* Optim cites depressed power prices for bankruptcy filing
* Generators, regulators at odds over proposed market reform
* Changes, once seen urgent, stall after recent studies
By Eileen O'Grady
HOUSTON, Feb 12 As the debate over the future of
Texas's $35 billion electricity market enters a third year with
no end in sight, one independent power producer decided not to
wait for an outcome, filing for bankruptcy on Wednesday, citing
depressed market conditions.
Optim Energy LLC, a power generator owned by Bill Gates'
Cascade Investments fund, filed for Chapter 11 bankruptcy in
"The current depressed economic environment of the electric
power industry - particularly with respect to coal-fired plants
- and the debtors' liquidity constraints have resulted in
continuing losses that, simply put, have left the debtors
without alternatives," Nick Rahn, Optim's chief executive, said
in court papers.
Optim owns three Texas power plants: Twin Oaks, a
305-megawatt coal-fired plant; the 600-MW Altura natural
gas-fired power plant and an interest in the 550-MW Cedar Bayou
gas plant, both near Houston.
The plants are expected to continue to operate as Optim
works to restructure its debt.
Optim's filing, and the ongoing financial restructuring at
Energy Future Holdings, parent of Texas' largest power producer,
may rekindle a sense of urgency in a debate that has waned in
recent weeks with the release of two new studies.
Electricity use in Texas has been growing faster than
generation is being built, shrinking the reserve margin, or
cushion of surplus power needed to avoid rolling outages when
supplies are strained, grid operator ERCOT has warned.
A number of proposed new power plants have been scrapped or
delayed because low wholesale prices make it impossible to get
financing, power-plant owners say.
Many generators want regulators to create a so-called
'capacity market', where generators and others are paid for
power to be available in future years, to encourage construction
of new plants.
Some key lawmakers, refinery operators and large retailers,
oppose the change, arguing it will raise power prices too much.
A recent report from the Brattle Group, ordered by the Texas
Public Utility Commission (PUC), said a capacity market would
likely raise customer rates by $1 or $2 per month over the long
term, much less than critics have argued.
That report, along with the grid operator's lower forecasts
for annual electric demand growth, has only widened the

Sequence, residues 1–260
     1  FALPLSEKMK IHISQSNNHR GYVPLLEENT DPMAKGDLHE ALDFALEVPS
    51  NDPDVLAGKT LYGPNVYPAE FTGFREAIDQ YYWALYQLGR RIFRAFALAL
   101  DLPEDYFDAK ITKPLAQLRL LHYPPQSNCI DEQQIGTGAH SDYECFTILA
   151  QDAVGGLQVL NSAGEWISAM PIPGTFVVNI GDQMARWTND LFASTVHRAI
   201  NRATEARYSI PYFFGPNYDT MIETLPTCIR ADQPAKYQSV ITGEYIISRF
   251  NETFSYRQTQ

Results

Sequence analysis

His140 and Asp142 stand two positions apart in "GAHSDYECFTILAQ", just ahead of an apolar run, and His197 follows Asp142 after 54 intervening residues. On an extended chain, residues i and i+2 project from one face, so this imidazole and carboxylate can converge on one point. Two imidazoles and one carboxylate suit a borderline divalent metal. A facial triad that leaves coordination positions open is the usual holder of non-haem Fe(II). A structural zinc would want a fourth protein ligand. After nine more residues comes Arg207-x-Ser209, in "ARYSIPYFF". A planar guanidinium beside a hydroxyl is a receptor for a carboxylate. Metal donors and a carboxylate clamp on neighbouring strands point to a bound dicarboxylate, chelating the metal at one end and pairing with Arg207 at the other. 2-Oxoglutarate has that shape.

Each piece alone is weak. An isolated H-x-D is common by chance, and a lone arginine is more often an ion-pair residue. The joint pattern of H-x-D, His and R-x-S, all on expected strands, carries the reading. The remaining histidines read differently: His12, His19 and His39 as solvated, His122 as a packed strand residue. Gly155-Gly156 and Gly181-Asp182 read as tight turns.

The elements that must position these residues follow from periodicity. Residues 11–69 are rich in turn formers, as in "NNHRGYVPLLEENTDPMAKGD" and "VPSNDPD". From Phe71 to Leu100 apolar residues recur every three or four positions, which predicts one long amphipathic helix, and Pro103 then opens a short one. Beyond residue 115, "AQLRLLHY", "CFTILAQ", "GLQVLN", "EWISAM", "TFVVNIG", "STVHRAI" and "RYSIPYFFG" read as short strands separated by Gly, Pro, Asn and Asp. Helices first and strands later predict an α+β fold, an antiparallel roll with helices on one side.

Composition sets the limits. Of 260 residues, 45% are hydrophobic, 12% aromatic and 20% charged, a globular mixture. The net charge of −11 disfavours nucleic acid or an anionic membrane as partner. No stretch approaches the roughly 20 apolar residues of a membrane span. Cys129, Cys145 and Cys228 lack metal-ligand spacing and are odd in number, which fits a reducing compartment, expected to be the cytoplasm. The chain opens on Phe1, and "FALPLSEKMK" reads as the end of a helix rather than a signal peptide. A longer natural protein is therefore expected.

differences between the parties. Even the three-member PUC is
divided over how to address the issue.
"I'm not sure why the debate continues with that minimum of
a cost to achieve the standard of reliability that every other
state has," said John Ragan, president of the Gulf Coast region
for NRG Energy, Texas' second-largest power generator.
Not everyone sees it that way.
"This report helps put to rest the forecasts from electric
generators who argue that blackouts are just around the corner
unless they extract expensive subsidies from ratepayers," said
Randy Moravec of the Texas Coalition for Affordable Power.
The new reports have further convinced PUC member Kenneth
Anderson that the current Texas market is functioning
"reasonably well" and will have sufficient electric resources
until the end of the decade.
It's unclear whether any proposed new generating facilities
will move forward without market reform.
The Texas Public Policy Foundation, a conservative
Austin-based think tank, said pending applications are proof
that generators don't need the capacity market "subsidy."
In a regulatory filing, the group said NRG's plan to build
300 MW of quick-start generation shows the company "expects the
market to work well enough to make a profit".
NRG spokesman Dave Knox called the foundation's filing
"misleading", saying the project is only possible because NRG
wants to move used turbines to Houston to a shuttered power
plant site near existing transmission infrastructure.
"The fact that we have to make as much of an effort to make
this economically viable shows how bad the situation is in
ERCOT," said Knox.
Major power producers in Texas include Luminant, a unit of
Energy Future Holdings - owned by Kohlberg Kravis Roberts & Co
LP, NRG Energy, Calpine Corp, NextEra Energy
and Exelon Corp.